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Israel alone travelled the opposite path. The Jewish nation predated the modern state by more than three millennia. Its investment in nation-building was made long ago; all that remained to create in the 20th century were the institutions of a modern state. While hardly trivial, that task is far, far easier than nation-building. In 1948, the Jewish state of Israel became the region’s sole successful exercise in  minority ethnic self-determination.

None of the Arab states recognised the Jews’ right to self-determination in land they considered rightfully Arab. Five Arab armies invaded western Palestine the moment Israel declared its independence. By the time the dust settled along armistice lines in 1949, the geographic region that had been Palestine was split in four. In addition to the pre-existing Sunni Arab state of Jordan, the new Jewish state controlled the Galilee, a narrow central coastal plain, and the Negev desert. Egypt occupied the tiny but densely populated Gaza Strip. Jordan occupied — and annexed — the historic Jewish heartland of Judaea and Samaria. Hundreds of thousands of displaced people began a reconfiguration of the territory’s demographics.

That demographic shift continued into the early 1950s, as nearly every Arab state exiled its Jews in the first half of a classic post-colonial population exchange that has yet to reach its stabilising conclusion. Israel addressed that half by integrating all Jewish arrivals and extending citizenship to non-Jewish residents. The UN arrested the other half with a unique, creative, and ultimately disastrous approach seemingly designed to perpetuate instability: it defined a new nation of stateless “Palestine refugees” comprised of all displaced non-Jews who had lived in western Palestine during a narrow two-year window — and their patrilineal descendants. It then established a permanent agency, UNRWA, whose sole responsibility was catering to the members of this newborn stateless nation, and ensuring that its charges remained perpetually stateless.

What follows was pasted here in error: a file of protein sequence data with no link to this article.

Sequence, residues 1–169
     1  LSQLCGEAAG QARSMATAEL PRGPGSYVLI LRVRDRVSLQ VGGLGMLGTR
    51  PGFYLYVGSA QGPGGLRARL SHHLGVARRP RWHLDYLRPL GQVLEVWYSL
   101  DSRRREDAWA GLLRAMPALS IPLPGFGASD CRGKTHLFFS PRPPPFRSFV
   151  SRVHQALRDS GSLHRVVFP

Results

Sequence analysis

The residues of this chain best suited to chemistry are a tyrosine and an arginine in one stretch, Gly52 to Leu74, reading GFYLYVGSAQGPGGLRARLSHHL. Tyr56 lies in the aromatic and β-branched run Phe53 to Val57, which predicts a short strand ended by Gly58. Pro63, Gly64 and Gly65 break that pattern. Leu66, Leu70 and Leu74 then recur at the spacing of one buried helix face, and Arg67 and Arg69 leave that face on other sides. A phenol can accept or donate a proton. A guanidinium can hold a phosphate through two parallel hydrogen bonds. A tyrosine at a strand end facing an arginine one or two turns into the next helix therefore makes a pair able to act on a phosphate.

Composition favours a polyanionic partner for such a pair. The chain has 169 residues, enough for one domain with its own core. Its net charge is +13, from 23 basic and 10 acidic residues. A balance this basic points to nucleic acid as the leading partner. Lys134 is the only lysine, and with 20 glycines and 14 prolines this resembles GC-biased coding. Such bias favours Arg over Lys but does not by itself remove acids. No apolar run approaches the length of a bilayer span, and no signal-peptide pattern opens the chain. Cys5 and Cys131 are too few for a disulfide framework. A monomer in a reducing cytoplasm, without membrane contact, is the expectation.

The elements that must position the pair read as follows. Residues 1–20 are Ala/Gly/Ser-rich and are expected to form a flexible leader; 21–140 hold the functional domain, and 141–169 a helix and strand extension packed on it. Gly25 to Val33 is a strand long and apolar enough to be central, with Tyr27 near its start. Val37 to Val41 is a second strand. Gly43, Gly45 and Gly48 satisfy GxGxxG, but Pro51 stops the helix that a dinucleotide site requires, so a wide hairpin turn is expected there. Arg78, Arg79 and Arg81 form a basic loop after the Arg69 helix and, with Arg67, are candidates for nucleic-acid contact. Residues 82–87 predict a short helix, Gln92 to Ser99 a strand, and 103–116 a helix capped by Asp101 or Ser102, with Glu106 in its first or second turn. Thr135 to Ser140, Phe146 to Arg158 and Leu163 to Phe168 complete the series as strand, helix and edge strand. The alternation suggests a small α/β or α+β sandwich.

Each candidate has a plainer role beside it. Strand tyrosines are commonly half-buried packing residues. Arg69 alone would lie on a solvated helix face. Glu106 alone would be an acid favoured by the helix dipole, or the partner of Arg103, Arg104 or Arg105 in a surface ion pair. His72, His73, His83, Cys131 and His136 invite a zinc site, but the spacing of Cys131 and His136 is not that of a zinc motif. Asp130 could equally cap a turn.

70 years and several Arab-Israeli wars later, Gaza, Judaea and Samaria remain disputed territories. Israel gained control over them in 1967, ceded partial control to a Palestinian Authority (PA) — a relabelling designed to give the terrorist PLO a clean start — created under the Oslo Accords of 1993, and withdrew entirely from Gaza in 2005. Meanwhile, UNRWA’s count of Palestine refugees has grown from 750,000 to five million. Because a majority of them remain in the region, and Jordan remains the sole Arab state to have accorded any of them citizenship, these stateless Palestine refugees are a constant contributor to tension, instability and terrorism — in the region and around the world.

All told, the familiar statist view of the Middle East that dominated the 20th century collapsed in the 21st. Syria, Lebanon, and Iraq may exist as internationally recognised states on a map, but neither they nor Palestine have ever existed as nations. Jordan clings tenuously to both halves of its nation state designation. Only the Jewish state of Israel is secure in both its nationhood and its statehood. In today’s Levant, ancient national identities — Jewish, Christian, Sunni Arab, Shiite, Kurd, Druze, Alawite — enjoy the respect and allegiance of their people. The states remain relevant only because of diplomats and academics.
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Lawrence James
September 5th, 2018
9:09 AM